August 1st, 2005


Some People Don't Understand Economics

Here's an example.

There appears no understanding of incentives and growth anywhere in the essay. You'd think that the basic insight of microeconomics "People respond to incentives" would have made a dent after all these years: but not here. Result? Lost in a sea of macroeconomic numbers, without a reference point in behavior or the results of policies, silly things get said.

To the extent the Laffer curve is a one-variable explation of the health of an economy, it has flaws. To the extent that taxes are not recognized as a drag on growth, someone has failed to do basic econ.

Which is worse?

Oddly enough, she'd have some of her basic questions answered if she would read "The Seven Fat Years" and figure out what the Laffer curve was, how it fits into economic understanding, and what its limits and strengths are. Of course, this is the same person who can't seem to notice the increase in tax revenues from a cut in capital gains taxes under Clinton. Indeed, I seem to miss most of the discussion from her on what the relationship is between tax revenues and tax rates -- you'd think it was important a discussion of Laffer.

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    annoyed annoyed

Weakness in the Labor Market

Not really, gents.

But that depends on doing the numbers, and paying attention to how you compare them. Sample?

average real weekly earnings from pre-recession high
prior: -1.9%
this: +0.25%

In fact, during the prior recovery real average weekly wages would stay below their 1990 pre-recession high for seven years, until well into Clinton's second term.

So a small gain today is decried as weakness -- while a real decline that lasted more than seven years was the happy course to the "miracle economy".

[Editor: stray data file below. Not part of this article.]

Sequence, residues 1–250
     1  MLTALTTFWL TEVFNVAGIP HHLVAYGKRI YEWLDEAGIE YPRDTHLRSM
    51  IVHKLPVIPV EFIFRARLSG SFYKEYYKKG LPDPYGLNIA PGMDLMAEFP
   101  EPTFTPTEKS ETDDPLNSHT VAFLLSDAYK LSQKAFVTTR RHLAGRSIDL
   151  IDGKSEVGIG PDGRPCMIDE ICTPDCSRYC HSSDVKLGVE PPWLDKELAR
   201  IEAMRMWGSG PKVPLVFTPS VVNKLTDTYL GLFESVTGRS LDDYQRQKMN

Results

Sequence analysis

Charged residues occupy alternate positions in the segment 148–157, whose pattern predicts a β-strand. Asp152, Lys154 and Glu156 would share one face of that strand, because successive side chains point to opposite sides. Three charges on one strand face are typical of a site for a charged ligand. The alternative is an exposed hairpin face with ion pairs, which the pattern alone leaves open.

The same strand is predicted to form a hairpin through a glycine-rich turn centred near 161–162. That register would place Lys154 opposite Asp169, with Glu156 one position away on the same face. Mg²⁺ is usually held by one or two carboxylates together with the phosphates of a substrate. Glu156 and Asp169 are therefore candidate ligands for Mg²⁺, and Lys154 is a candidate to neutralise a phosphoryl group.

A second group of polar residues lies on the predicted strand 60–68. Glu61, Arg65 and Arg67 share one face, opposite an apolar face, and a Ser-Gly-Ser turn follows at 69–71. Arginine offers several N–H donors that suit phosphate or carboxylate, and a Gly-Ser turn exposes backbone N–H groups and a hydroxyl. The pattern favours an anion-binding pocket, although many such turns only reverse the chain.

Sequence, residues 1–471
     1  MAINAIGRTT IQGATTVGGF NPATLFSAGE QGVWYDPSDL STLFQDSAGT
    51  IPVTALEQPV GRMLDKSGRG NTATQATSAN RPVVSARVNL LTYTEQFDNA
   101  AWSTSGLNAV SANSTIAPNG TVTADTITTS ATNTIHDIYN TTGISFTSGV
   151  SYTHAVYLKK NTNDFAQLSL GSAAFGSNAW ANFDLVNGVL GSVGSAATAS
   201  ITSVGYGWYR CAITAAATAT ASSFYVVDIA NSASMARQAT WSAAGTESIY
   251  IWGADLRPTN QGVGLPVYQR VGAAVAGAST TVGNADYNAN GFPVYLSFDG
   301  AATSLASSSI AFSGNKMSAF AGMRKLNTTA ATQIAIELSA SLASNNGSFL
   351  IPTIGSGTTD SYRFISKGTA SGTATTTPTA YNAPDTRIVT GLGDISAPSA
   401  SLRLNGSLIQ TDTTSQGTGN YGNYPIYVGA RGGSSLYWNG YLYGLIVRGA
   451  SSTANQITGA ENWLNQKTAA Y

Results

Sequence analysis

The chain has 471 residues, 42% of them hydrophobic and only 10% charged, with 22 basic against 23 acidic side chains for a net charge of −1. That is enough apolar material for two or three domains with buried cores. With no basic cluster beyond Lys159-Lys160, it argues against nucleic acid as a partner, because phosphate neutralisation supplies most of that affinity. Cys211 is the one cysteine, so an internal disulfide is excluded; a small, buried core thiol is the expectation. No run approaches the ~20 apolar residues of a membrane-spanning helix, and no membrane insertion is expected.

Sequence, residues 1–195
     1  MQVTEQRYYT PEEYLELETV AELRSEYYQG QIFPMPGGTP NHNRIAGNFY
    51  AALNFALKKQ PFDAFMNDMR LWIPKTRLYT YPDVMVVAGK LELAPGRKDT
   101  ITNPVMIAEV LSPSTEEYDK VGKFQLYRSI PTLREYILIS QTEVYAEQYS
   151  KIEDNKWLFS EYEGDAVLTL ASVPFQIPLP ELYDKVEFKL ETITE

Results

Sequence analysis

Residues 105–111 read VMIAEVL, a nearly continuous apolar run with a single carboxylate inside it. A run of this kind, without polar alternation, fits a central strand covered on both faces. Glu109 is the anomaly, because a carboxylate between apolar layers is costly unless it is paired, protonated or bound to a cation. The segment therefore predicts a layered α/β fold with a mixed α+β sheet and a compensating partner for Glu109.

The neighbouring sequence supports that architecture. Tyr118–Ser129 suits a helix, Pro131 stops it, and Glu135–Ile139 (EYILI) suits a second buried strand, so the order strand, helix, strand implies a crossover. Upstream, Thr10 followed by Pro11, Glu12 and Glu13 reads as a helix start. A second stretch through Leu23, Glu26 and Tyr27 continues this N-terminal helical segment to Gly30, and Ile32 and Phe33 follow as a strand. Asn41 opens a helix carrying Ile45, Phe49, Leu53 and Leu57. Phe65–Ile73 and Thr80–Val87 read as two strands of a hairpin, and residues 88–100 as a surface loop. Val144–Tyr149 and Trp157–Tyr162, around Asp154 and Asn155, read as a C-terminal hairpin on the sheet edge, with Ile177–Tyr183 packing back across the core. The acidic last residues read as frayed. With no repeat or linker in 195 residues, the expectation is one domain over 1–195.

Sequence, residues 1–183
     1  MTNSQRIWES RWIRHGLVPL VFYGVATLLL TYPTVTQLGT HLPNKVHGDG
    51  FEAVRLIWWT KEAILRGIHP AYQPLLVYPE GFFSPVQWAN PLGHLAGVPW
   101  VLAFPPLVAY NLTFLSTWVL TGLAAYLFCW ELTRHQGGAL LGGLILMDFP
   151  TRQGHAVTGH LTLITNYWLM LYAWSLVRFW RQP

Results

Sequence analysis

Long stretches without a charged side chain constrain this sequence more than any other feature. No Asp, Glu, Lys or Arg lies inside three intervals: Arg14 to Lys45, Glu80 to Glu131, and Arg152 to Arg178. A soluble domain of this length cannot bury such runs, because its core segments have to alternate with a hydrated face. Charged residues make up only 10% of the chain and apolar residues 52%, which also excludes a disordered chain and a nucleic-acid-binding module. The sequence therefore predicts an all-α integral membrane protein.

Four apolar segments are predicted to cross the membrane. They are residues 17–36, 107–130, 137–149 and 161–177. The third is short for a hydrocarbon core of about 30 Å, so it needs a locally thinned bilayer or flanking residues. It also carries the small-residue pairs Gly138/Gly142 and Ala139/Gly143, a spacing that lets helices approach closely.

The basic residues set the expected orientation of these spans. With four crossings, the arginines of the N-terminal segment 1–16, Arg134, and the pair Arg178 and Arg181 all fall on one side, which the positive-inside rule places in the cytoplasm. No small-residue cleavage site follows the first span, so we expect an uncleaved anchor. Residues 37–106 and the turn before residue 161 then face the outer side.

Now maybe we get an idea about why the bad news bears always present their numbers without any context, without the perspective of any comparison to the prior business cycle. In making such a comparison using DeLong's five indicators the current recovery is up 3 to 0 right now -- already we have a winner!

As a brief aside I'll mention here a cherry-picking tactic near always used by the class warriors to make it seem that workers are being paid less, and gaining less, than they really are.

This is the constant quoting of "earnings" or "wage" numbers in newspaper stories, op-eds and the like, when the average reader doesn't realize that these are only subsets of the amounts earned by workers, excluding among other things the benefits that comprise an ever growing part of compensation. They thus systematically understate both the amount and rate of growth of employee compensation.
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The silly season strikes again.

This time, Brad deLong has the microphone:

I have an announcement to everyone who claimed back in 2000 that the Republican Leadership was committed to free trade. I will accept your apologies now.

You know, I DO support free trade. I've been appalled at the deviations from that stance that Bush has taken. But he's taken them to the sound of wild cheers from the Democratic party.

An apology?

You'll get it when a majority of Democrats in Congress support free trade. Face it, Brad, while the Republicans aren't perfect, they're a heck of a lot more "free trade" than your side of the house. If it's an important issue to you, you don't vote for Democrats. When you criticize Pelosi on the subject, write letters, and set up a campaign to educate her on free trade and why she should be pushing her members to support it instead of punishing those who do, I'll be really contrite, I promise.
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    amused amused